Nevertheless, Governor Ducey and Director Christ are not interested in such an intervention. Since they are the persons vested with the authority in ARS 36-787 – Public health authority during state of emergency or state of war emergency it is clear this high return on investment evidence-based intervention will not be used in Arizona.

Arizona Vaccination Efforts Improving After a Rocky Start

Arizona’s efforts to vaccinate top priority populations got off to a rocky start in December and January in part due to glitches in the software that was developed by an ADHS contractor designed to coordinate appointments at the various mass vaccination clinics.  

It’s a long story, but glitches in the ADHS’ VMS scheduling software failed to make appointments for thousands of healthcare workers that had pre-registered for vaccination. If you want to read more, check out this story by Ray Stern in the Phoenix New Times: Arizona Vaccine Rollout Delayed by Computer Glitches, County Says.

My contacts are telling me that some (but not all) of the bugs have been worked out of the system. That has helped to make the system more efficient in the last week. There are various sources of data that you can refer to as you track how AZ is progressing. The state health department has a web file that they update periodically with the latest number of vaccinations given by county at this web page.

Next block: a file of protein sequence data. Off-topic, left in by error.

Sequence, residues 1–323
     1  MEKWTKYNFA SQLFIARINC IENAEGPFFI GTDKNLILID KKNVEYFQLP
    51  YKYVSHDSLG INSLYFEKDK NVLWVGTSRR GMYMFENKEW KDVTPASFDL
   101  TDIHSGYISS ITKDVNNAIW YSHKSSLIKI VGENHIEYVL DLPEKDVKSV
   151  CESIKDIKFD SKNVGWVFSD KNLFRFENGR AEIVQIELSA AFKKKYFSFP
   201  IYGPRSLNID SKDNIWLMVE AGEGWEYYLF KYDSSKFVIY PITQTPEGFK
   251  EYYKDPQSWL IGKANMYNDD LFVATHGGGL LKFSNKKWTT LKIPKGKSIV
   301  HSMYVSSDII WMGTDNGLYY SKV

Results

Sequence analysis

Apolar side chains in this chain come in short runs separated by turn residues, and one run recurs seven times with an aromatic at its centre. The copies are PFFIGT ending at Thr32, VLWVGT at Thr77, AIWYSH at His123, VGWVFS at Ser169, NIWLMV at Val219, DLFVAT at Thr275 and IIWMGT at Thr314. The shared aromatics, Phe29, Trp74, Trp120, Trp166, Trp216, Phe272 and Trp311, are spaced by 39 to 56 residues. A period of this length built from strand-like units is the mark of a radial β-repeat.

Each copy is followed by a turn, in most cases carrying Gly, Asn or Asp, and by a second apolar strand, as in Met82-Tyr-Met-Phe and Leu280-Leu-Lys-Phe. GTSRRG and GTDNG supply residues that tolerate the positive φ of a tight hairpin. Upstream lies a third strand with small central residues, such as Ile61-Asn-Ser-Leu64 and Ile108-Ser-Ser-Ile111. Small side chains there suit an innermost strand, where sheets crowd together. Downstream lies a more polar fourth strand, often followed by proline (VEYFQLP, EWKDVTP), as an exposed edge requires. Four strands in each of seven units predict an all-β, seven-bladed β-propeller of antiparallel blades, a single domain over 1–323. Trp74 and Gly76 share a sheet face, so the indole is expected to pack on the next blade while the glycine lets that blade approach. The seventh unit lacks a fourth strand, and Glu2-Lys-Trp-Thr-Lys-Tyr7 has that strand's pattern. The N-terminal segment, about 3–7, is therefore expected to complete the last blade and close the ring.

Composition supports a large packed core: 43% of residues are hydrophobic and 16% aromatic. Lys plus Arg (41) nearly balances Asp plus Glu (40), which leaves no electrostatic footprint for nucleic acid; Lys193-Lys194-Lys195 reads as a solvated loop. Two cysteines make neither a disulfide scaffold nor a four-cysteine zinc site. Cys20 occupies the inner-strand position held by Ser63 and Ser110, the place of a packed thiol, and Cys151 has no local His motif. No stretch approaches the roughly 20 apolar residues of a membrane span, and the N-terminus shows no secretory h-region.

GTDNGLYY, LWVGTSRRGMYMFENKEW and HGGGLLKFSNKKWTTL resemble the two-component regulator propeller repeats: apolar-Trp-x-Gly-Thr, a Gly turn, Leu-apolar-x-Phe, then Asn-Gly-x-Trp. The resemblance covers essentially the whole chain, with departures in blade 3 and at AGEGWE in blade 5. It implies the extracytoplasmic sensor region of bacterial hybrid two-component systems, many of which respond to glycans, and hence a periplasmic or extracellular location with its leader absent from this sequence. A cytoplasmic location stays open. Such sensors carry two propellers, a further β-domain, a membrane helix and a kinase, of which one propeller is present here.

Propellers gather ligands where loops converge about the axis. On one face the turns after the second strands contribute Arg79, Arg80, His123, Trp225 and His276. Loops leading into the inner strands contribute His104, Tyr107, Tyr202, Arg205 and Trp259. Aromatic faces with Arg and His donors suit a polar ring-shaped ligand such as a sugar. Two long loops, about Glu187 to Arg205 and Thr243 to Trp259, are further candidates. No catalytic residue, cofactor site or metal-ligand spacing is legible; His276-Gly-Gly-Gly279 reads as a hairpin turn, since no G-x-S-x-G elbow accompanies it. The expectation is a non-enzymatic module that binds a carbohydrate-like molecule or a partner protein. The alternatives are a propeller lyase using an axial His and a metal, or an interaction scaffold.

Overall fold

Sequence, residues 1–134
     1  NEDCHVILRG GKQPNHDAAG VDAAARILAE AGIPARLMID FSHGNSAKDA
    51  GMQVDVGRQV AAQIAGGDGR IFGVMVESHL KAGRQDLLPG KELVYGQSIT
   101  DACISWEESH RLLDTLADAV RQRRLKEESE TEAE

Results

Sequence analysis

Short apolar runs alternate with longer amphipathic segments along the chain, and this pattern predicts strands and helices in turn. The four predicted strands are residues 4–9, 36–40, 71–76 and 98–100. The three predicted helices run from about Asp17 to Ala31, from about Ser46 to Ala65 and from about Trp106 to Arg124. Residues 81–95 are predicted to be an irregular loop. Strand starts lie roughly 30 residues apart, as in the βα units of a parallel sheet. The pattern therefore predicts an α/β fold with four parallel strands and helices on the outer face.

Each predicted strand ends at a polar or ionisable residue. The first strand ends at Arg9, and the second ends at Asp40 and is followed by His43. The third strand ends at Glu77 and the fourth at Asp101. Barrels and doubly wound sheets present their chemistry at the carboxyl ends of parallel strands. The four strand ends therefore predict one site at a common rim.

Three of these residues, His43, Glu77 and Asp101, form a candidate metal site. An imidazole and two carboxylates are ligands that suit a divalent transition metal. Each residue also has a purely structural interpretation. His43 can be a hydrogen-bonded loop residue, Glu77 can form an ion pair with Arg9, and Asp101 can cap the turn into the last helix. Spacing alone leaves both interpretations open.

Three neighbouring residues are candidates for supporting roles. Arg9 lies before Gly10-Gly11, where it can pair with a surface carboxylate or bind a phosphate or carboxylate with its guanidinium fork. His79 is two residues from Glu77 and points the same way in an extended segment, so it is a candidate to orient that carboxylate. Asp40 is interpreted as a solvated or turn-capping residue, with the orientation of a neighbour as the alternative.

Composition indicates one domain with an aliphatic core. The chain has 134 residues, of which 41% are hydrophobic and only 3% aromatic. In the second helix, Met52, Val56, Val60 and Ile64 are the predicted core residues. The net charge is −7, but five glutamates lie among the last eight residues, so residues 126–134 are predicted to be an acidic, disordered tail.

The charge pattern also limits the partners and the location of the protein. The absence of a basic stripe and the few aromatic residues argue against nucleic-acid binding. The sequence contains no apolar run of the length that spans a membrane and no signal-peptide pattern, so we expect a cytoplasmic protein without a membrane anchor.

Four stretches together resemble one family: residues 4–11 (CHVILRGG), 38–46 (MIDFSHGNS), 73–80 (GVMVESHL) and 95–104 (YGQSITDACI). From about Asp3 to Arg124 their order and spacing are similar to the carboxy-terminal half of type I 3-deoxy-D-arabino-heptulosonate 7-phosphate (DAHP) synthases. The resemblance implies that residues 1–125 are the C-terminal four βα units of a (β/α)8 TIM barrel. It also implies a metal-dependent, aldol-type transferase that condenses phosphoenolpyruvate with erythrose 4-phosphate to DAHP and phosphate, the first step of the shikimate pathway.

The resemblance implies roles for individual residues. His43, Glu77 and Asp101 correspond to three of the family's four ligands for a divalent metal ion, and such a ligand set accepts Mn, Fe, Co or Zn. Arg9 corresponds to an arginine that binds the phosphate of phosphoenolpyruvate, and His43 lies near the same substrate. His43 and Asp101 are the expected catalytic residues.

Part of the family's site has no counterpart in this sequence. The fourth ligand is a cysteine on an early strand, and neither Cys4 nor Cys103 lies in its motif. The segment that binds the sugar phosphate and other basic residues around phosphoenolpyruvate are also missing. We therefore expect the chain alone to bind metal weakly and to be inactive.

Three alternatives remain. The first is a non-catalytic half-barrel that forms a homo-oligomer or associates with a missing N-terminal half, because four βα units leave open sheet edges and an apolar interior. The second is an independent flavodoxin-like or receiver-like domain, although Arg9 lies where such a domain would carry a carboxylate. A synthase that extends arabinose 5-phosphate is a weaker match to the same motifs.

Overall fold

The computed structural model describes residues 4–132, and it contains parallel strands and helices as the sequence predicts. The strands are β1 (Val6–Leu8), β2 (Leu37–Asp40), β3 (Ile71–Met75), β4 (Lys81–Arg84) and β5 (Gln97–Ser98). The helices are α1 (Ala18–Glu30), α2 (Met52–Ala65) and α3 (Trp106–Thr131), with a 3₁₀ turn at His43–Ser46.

As of today, it shows that about 263K actual shots have been administered out of the 600K+ vaccines that have been delivered. Remember, these vaccines require a booster so many of those vaccines are the follow up shot (fewer than 263K persons have been vaccinated).  

To get a perspective of how AZ is doing when compared to other states both in numbers and rates, you can State-by-state data on COVID-19 vaccinations in the United States – Our World in Data.

Category 1b Expanded to Include People Between 65-74

Prior to last week there were more than 1,000,000 Arizonans in Category 1b including more than 500,000 people over the age of 75. With only about 200,000 persons vaccinated so far, you can see that we have only scratched the surface when it comes to vaccinating seniors.

Nevertheless, the ADHS elected last week to expand the pool of persons in Category 1b by an additional 250,000 by adding persons aged 65-74 to the cohort.

Editorial Note: I don’t understand the wisdom of adding 250,000 more persons to Category 1b when there is such a long way to go vaccinating the higher-risk 75+ folks. My concern is that this new more digitally adept and mobile group of seniors may crowd out those persons over 75 that still haven’t been vaccinated. With advanced age being the dominant risk factor, and persons over 75 at higher risk than persons 65 -74 it seems counter-productive.

Many if not all county health departments have elected to focus squarely on the 75+ group for now. The ADHS vaccination site at State Farm is apparently vaccinating basically anybody among the 1,250,000 persons in Category 1b, including persons aged 65-74 (per Director Christ beginning Tuesday January 19).

The decision to add persons 65 to 74 years old to Category 1b IS NOT based on CDC Advisory Committee for Immunization Practice Recommendations. Rather, it came from an announcement at a press event from soon to be former HHS Secretary Azar that he thought persons 65-74 should be added. The ADHS Director promptly took his advice rather than staying consistent with ACIP recommendations.

The CDC and the ACIP are still recommending that persons between 65 and 74 stay in Category 1c.